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3-060 (Raw)

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author,male,Holden, George Kenyon,un addressee
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Connell, 1980
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3-060-raw.txt — 3 KB

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It is no doubt a growing conviction of the necessity of qualifying the mass of the people to exercise wisely a power it is manifestly impossible to withhold from them, which has stimulated so many of those occupying the high places of society to exert themselves in the advancement of popular education. The most serious and far-seeing thinkers of our day clearly perceive that the only wise means of averting anarchy is to teach the people their own interests - to co-operate with them in the attainment of them - and to qualify both them and the classes above them to perceive in how many ways their interests may, instead of conflicting, be made to coincide. The people may thus be rendered not only a harmless, but a highly beneficial, conducting channel of political power - just as the same instrumentality by which a powder magazine may be exploded, may, under the guidance of a wiser art, be made to work an electric telegraph.
While the whole world, and especially that portion of it which speaks our own language, is pressing forward in this glorious career, it is surely not for Australia, with her golden resources, and her highly paid labourers, to lag behind in the race. Shall mechanics with incomes equal to those of the middle classes of other countries, remain content with their former pittance of education and intellectual advantage? No latitude of popular privileges, whether equalling or exceeding those of the mother country, can ever afford any real dignity or advantage, unless accompanied by the knowledge which qualifies for its intelligent exercise - which will enable you to appreciate the exertions of the honest public servant - to penetrate the disguises of the artful demagogue, who would flatter you for his own sinister ends - to check the rashness of the merely speculative politician - to take enlightened views of the great questions affecting our social welfare - to submit cheerfully to regulations entailing personal inconvenience, where their ultimate social results can be shewn to compensate the sacrifice - to exercise self-control - and resist the temptation to expend augmented wages in mere bodily indulgence - to cultivate habits of courtesy and mutual forbearance - to reconcile the difficult, but not contradictory, duties of following with conscientious decision your own religious convictions, and at the same time cherishing the most unalloyed charity towards all who differ from you - to take an intelligent part when your assistance appears requisite, in the management of useful public institutions, or furtherance of beneficial social movements - these and numberless other features in the character of good citizens must be established and generally prevalent among you before you can hope for any lasting social improvement. [184] And these are the qualities which such an association as this School of Arts (or as I may again call it, the People's University) is calculated to promote.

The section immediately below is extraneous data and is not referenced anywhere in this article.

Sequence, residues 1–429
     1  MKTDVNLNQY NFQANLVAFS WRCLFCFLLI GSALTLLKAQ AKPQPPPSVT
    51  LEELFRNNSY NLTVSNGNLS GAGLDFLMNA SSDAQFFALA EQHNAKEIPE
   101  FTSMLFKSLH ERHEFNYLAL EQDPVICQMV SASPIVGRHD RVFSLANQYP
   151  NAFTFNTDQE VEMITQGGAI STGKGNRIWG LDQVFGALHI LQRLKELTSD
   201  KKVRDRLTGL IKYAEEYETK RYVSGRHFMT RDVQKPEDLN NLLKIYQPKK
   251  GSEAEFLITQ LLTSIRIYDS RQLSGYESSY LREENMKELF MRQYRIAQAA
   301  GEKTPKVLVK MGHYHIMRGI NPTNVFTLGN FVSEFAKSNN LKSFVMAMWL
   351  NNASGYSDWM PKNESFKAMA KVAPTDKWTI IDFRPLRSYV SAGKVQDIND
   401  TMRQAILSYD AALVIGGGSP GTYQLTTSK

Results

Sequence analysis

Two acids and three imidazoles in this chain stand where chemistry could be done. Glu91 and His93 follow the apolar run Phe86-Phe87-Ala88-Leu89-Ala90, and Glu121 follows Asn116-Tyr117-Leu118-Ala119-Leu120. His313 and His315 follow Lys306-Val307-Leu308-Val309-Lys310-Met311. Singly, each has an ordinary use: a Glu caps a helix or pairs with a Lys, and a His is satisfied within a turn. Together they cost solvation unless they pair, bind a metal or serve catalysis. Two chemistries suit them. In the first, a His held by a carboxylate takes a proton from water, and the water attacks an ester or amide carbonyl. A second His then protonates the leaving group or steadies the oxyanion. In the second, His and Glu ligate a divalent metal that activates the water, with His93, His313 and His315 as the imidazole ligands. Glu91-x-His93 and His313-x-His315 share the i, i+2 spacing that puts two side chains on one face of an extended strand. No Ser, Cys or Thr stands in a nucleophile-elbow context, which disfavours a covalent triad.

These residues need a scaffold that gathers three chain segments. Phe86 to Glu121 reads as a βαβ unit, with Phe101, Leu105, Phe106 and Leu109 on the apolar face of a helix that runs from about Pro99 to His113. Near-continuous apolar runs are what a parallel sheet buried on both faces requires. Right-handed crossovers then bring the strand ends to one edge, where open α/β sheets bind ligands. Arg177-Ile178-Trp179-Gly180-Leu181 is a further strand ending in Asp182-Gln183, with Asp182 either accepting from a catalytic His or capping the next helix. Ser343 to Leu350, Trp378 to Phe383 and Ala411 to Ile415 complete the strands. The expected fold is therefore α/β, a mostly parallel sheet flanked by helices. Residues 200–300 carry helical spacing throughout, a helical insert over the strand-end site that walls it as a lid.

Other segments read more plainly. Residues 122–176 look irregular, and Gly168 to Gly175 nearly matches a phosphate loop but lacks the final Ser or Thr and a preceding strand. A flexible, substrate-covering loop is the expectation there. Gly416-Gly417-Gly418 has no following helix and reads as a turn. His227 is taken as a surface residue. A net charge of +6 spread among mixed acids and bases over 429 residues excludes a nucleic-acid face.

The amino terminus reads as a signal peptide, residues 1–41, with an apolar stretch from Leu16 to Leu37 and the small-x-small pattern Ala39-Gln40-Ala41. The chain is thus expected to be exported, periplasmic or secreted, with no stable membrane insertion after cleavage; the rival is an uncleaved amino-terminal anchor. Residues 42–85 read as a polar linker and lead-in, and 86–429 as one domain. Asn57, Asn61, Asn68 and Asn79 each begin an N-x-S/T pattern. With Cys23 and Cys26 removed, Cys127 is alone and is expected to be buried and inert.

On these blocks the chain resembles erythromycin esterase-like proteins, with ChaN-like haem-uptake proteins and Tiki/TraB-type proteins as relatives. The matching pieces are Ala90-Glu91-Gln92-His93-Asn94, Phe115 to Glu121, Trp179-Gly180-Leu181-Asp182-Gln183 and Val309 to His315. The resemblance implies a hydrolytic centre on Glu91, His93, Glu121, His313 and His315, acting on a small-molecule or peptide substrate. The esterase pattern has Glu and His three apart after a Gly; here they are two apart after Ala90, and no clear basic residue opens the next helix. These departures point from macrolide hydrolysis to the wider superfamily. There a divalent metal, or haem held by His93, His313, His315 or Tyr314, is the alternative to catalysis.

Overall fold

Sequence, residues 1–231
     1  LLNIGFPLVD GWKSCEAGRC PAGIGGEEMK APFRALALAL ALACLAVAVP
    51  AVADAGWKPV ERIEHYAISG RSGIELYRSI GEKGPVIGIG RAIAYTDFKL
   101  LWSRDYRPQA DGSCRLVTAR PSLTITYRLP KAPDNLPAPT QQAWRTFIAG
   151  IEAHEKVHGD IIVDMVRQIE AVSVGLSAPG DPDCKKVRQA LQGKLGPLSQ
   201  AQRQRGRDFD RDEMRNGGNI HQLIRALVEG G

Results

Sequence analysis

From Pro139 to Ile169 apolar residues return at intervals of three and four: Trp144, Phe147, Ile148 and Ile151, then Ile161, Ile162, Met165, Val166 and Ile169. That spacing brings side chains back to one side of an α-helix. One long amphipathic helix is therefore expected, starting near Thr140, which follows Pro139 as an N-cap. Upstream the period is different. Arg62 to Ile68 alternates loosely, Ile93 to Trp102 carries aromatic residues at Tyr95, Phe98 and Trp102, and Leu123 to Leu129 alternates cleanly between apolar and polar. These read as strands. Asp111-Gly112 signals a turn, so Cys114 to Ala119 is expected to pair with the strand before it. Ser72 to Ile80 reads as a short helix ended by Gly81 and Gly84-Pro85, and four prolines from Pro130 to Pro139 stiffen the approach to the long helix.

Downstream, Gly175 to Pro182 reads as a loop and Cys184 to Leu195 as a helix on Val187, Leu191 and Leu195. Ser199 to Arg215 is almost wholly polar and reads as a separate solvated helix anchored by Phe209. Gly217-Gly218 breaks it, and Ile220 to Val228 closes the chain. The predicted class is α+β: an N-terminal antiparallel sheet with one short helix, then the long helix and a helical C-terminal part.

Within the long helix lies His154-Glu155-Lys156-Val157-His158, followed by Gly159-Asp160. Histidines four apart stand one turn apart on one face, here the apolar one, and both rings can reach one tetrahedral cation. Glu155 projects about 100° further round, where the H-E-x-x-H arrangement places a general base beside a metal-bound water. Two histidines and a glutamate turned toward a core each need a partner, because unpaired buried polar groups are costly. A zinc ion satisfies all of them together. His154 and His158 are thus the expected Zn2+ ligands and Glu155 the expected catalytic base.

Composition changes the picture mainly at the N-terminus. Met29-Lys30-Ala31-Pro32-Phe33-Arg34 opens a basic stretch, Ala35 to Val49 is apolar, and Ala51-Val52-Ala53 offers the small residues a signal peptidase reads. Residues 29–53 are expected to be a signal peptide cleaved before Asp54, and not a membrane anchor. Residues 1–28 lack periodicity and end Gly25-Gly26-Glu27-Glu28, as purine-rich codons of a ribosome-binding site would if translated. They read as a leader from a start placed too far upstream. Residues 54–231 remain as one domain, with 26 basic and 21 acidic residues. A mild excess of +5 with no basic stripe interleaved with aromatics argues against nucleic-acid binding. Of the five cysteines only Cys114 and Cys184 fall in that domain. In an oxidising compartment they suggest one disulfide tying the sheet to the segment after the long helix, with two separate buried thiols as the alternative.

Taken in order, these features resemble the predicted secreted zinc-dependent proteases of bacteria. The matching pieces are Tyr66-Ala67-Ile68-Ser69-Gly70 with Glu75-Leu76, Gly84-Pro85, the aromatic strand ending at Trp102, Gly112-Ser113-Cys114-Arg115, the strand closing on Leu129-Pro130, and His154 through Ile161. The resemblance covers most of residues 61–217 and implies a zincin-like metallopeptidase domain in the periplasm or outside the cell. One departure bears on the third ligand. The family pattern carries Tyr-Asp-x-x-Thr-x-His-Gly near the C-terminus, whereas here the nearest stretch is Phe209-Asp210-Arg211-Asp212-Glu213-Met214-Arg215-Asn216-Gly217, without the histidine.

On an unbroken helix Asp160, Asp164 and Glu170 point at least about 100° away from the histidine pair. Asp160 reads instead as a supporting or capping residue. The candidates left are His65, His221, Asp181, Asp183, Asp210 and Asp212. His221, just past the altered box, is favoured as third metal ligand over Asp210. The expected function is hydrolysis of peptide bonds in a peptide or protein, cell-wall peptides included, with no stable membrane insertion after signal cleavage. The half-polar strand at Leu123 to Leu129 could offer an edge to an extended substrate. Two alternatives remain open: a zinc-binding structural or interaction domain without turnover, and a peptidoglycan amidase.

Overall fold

Of political institutions this is not the place to speak, unless it be to repeat that such Institutions as this are equally entitled to the support of those who dread, and of those who rejoice in the advance of popular influence. Our mission is to quell the fears of the one by rendering the popular element innocuous - and to realise the hopes of the other, by ensuring its efficiency and durability. A popular form of Government without an educated people, is a dead shell, cast on a beach with no living inhabitant - while a people truly educated, will spontaneously form its own institutions as the nautilus forms its beautiful habitation, from its own vital secretions adapted to its own shape, growing with its own growth, repaired and renewed by its own inherent powers, whenever mutilated by accident or violence, and floating its fragile inhabitant safe through all the storms of that same ocean, which spurns the dead shell from its bosom to rot on the shore of oblivion.